How do you make tough decisions in a time of disruption and skills upheaval?
01 August 2019
I am often asked for my thoughts and advice when friends or colleagues are making major career or life decisions. After we have discussed the various options and implications, my advice is to imagine that they have already taken the decision and to assess how they feel and what their main concerns are post decision. This, unfortunately is much more difficult when taking multiple decisions about a complex organisation which will have a variety of outcomes.
PwC’s Talent Trends 2019: Upskilling for a digital world report highlighted that leaders are increasingly being challenged to make decisions on the future size and composition of their workforces. And with 79% of CEO’s worrying about the availability of key skills within their organisation, now more than ever is the time to develop a future-proofed workforce strategy.
The challenge is that many organisations don’t know what skills they have today, let alone what they need in the future, or how they will go about finding them. What we do know is that leaders need to start asking fundamental questions about their people and need better data to inform key decisions along the way. They need to consider:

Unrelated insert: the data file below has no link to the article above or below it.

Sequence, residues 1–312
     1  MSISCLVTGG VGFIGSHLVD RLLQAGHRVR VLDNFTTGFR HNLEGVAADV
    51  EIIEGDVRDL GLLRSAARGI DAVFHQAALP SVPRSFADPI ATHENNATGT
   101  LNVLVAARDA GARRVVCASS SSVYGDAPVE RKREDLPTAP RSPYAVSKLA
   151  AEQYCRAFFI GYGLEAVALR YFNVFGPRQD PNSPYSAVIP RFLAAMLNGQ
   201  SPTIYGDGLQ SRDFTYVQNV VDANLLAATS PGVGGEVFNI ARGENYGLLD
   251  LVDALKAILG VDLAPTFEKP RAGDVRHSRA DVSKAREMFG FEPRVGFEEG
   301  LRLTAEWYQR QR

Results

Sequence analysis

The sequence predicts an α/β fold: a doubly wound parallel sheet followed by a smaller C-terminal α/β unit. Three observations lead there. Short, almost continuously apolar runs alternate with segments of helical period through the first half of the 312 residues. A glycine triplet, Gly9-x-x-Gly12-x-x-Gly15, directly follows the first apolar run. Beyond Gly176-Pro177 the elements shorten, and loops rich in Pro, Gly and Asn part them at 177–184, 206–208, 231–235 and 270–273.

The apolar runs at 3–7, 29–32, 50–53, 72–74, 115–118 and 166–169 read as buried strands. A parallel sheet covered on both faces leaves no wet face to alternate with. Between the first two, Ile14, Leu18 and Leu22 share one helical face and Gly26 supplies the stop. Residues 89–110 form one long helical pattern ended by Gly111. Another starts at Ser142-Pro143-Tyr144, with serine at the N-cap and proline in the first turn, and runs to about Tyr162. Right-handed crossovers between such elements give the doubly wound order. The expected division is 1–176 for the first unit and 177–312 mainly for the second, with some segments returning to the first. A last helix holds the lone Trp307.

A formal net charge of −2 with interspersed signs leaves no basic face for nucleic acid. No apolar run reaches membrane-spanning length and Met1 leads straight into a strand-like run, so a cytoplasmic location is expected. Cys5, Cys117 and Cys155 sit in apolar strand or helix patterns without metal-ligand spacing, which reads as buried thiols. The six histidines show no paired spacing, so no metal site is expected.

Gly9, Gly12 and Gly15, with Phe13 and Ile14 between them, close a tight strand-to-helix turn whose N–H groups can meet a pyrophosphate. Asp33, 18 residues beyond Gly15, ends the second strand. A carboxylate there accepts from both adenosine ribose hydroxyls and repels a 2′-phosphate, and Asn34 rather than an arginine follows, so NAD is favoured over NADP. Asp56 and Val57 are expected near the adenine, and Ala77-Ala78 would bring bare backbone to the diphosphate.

- Are we clear about the roles and tasks we see technology delivering and where human skills will be required?
- Do our technology changes disproportionately impact certain employee groups and therefore counteract our workforce D&I agenda?
- How do our decisions impact the wider communities that we operate in?
- What are our cultural aspirations as we reform our organisation?
- How are we enabling our workforce to engage with the organisation and each other differently through environment and technology?
For all of the above, there is a delicate balance required between the ethics of employment and the need to drive profitable growth. There will be no 'one size fits all' solution, and the workforce strategy will need to be flexible and evolve over time. Fortunately, the advent of improved tools such as PwC’s Organisational Digital Twin help organisations to discover more about their workforce of today, in order to start the process of preparing for their workforce of tomorrow.
As someone who has recently made a big life decision when I decided to change career (and ultimately joined PwC), I would have loved to have a Digital Twin to help inform my thinking!
Find out more about the Future of Work.